6) There seems to be some offensive line issues – Eben Britton in particular got called out in your recent article on Training Camp disappointments. What are your thoughts on what needs to happen for this line to be effective this season and what are your thoughts on whether Britton is going to be able to contribute in a meaningful way?
Guys like Eben Britton have to improve, point blank. Britton has struggled with pass protection since he came into the league, which is why he moved to right tackle from left, where he played at Arizona. Currently Britton’s dealing with an undisclosed back injury that’s kept him out of practice for over a week, and it looks like he’ll miss the first two preseason games at the least. At this point, it’s possible he could lose his job to someone like Tony Moll. Not only because of his inability to get on the field, but because even prior to the back injury he flat out hasn’t been good in camp.
7) Last year the Jags surprised everyone by selecting Tyson Aluala in the first round and he turned out to be a gem. Talk about what he has brought to the defense so far and how he’s approached the game.
He brings a relentless motor to the defensive line. He’s a player you’ve never got to worry about not giving 100% on every play. It’s just something in those Samoan guys, they play tough and work hard. He’s a guy who’s got very violent hands and can get through single blockers with technique, quickness, and power. He’s also versatile, lining up at end, tackle, and 3-4 end in some packages. He rushes the passer from all of them. He’s had a dominant camp so far and the hope is he’ll build on the nice rookie season he had and help collapse the pocket from the interior.
8) The Jags signed linebacker Paul Posluszny to a six-year deal worth $45 million, $15 million
guaranteed. What can Jags fans expect from Pos and what do you think this addition will do for the defense? What kind of impact do you foresee Clint Session having? Will these two signings open things up even more for Daryl Smith?
I do think the signing of Session and Posluszny will allow Daryl Smith to be more “free” in the defense. Smith’s kind of been held back the past two seasons having to cover up some holes in the linebacking corps. Smith’s good at everything, but his biggest asset outside of pass coverage has been reeled in the past few seasons, his ability to rush the passer. Adding a stereotypical middle linebacker in Posluszny who doesn’t make many mental mistakes and a quick big hitter like Session will let Smith be more free to blitz.
9) The team also added former Jet Drew Coleman at cornerback and onetime Raven Dawan Landry at the safety spot. What kind of impact do you expect them to have on a secondary that contributed to a 28th ranking against the pass?
The Coleman signing was interesting, because his biggest asset is his ability to blitz from the nickel position. “New” defensive coordinator Mel Tucker is supposed to be running a simplified defense for the Jaguars this year, but in practice we’ve seen lots of blitzing from many different angles. I think Coleman is an added angle for Tucker to use. As far as Landry, he adds a physical presence next to Courtney Greene in the secondary. You know when you play the Jaguars, the safeties are going to hit you and hit you hard now. While Landry isn’t the best fit at free safety coverage wise, a tackling dummy would have served as an upgrade over 2010′s start in Don Carey, who probably doesn’t even make the Jaguars roster in 2011.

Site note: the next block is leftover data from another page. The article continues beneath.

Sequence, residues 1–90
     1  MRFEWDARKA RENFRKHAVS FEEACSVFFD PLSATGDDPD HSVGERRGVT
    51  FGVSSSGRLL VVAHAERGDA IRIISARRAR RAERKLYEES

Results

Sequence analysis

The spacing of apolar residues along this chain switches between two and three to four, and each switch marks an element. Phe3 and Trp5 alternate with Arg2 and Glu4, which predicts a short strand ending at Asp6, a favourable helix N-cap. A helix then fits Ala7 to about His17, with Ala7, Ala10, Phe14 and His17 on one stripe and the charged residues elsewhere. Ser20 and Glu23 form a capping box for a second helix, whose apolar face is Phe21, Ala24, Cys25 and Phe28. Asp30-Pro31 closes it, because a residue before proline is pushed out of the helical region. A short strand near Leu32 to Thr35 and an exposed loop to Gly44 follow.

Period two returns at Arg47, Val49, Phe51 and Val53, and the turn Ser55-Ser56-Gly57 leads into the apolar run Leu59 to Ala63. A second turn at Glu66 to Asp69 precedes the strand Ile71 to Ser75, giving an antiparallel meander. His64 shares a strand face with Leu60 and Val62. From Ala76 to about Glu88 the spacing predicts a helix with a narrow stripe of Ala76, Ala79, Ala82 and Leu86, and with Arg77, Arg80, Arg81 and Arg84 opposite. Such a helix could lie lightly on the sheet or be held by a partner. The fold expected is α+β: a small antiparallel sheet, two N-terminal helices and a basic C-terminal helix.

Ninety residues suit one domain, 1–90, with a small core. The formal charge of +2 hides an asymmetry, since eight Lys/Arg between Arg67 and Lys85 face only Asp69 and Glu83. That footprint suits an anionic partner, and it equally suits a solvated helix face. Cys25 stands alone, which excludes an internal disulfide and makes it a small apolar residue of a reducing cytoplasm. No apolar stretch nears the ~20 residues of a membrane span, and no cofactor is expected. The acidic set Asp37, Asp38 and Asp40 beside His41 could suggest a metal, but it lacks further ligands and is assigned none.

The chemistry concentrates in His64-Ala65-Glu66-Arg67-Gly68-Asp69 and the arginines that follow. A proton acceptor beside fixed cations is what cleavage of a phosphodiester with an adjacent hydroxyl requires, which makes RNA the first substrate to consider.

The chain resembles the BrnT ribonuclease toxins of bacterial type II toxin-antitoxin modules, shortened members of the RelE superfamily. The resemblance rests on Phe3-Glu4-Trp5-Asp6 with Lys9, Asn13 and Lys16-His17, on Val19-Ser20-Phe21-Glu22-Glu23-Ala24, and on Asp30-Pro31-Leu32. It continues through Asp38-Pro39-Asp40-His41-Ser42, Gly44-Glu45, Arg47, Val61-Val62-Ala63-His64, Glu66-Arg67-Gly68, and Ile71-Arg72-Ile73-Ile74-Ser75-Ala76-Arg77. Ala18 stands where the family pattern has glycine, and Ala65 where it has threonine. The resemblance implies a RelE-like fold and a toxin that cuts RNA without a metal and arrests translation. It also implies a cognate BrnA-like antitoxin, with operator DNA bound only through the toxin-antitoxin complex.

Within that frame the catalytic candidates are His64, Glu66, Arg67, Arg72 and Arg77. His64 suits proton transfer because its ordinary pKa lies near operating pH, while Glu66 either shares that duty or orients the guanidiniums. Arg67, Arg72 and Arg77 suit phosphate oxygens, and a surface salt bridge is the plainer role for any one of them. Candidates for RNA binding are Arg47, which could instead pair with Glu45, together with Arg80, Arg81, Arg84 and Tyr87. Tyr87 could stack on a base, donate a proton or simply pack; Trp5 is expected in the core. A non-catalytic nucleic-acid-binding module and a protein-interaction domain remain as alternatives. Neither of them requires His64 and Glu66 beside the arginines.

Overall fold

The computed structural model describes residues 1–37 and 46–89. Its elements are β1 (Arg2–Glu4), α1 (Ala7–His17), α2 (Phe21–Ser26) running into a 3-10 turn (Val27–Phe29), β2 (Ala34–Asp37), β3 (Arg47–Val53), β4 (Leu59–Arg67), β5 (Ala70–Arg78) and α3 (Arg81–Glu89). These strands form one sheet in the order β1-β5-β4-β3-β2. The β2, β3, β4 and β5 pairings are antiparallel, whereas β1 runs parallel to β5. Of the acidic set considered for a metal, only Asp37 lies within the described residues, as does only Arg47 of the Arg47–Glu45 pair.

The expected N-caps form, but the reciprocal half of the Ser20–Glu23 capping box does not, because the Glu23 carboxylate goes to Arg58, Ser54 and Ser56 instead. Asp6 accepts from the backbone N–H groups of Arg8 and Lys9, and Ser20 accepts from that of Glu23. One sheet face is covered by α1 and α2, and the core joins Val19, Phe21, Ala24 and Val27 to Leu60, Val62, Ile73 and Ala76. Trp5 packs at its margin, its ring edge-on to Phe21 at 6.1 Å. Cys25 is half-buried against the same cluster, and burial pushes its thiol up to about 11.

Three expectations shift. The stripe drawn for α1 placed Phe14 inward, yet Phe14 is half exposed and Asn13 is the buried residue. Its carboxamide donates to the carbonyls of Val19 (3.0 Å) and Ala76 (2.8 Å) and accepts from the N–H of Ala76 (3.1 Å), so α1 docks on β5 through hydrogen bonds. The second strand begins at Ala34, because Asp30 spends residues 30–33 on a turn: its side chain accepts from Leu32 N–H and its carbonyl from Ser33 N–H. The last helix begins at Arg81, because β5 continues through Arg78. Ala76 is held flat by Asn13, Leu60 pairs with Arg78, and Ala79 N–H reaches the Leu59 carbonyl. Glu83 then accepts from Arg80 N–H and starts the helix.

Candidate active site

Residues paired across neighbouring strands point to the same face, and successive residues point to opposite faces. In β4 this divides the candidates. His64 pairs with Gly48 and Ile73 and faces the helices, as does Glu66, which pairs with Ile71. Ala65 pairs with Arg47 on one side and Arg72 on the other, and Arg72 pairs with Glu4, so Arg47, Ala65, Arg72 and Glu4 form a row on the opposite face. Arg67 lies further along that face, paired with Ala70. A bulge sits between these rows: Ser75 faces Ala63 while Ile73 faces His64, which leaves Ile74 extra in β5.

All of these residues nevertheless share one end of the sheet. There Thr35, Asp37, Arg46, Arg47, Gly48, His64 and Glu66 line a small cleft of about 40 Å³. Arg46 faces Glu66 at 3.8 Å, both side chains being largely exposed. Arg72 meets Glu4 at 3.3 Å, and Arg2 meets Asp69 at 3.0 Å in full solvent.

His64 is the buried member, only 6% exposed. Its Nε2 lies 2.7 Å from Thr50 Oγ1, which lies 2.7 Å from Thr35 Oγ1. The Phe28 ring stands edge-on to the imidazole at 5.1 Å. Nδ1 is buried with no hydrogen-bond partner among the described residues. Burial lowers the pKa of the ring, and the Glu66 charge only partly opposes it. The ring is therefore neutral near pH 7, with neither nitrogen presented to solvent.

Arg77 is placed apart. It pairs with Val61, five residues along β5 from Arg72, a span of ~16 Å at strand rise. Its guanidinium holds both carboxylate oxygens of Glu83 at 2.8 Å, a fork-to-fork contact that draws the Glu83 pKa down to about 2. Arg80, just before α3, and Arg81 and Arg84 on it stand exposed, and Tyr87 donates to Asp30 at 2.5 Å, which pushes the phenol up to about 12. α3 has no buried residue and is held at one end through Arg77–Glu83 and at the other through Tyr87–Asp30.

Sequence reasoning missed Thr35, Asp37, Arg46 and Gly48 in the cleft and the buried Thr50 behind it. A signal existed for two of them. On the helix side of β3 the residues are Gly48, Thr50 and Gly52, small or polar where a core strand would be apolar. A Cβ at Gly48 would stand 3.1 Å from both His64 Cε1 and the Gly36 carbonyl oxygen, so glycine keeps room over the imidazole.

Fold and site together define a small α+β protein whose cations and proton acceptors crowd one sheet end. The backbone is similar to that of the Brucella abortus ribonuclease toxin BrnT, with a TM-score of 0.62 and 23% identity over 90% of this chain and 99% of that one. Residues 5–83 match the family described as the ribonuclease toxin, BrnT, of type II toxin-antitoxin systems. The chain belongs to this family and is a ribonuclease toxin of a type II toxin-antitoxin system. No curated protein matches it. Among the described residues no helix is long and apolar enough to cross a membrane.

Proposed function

10) I know the answer to this, as we’ve talked about it 40 billion times, but given that the Los Angeles stadium looks to be a go, I would be remiss if I didn’t ask you about the constant rumor of a Jags move to Southern Cal. Explain to the fine folks here why you feel it won’t happen and the issues that Jacksonville face in terms of keeping the home town happy in Florida.
Ah, my favorite topic. Quite simply, moving the Jaguars to Los Angeles just doesn’t make sense for many different reasons. The biggest one is the fact that owner Wayne Weaver doesn’t want to move the team, period. Another reason, which people fail to realize because I guess they don’t actually research it, is the fact that the Jaguars have a lease with EverBank Field until 2029. In order to break the lease, the team would have to prove three consecutive years of operating at a loss and then have a country judge approve the team to break the lease and leave. The ticket sales have been a struggle and are indeed a black eye that makes them an easy target, but that’s really an issue throughout the state. Tampa Bay, who won a Super Bowl less than a decade ago had all of 2010 blacked out, despite going 10-6. It’s looking like they’re going to blackout most, if not all, of their games in 2011. Blackouts around the league are still occurring, so it’s not just a Jacksonville issue. The reality is, Jacksonville is the easy target because “no one cares” about them and most didn’t feel like we deserved a city to begin with. Wayne Weaver is eventually going to sell the franchise, but again he’s made a point that he plans to sell it to someone who has the intention of keep them team in Jacksonville and letting it continue to grow.
10a) Seriously, Jon Snow – what the hell is up?
He’s going to warg into Ghost, then be reborn, and smoke Ramsay Bolton!
If that last part didn’t make sense to you reader, you’re missing out….
I want to thank Alfie for taking the time out of his preseason work to shed some light on the Jags and potentially Game of Thrones. As I said, head over to BigCatCountry.com for some great Jags takes and feel free to prod Alfie with Jacksoville-to-LA questions when you are there.
Next week we’ll have Chris Hansen from RaidersBlog.com so make sure you stop by then.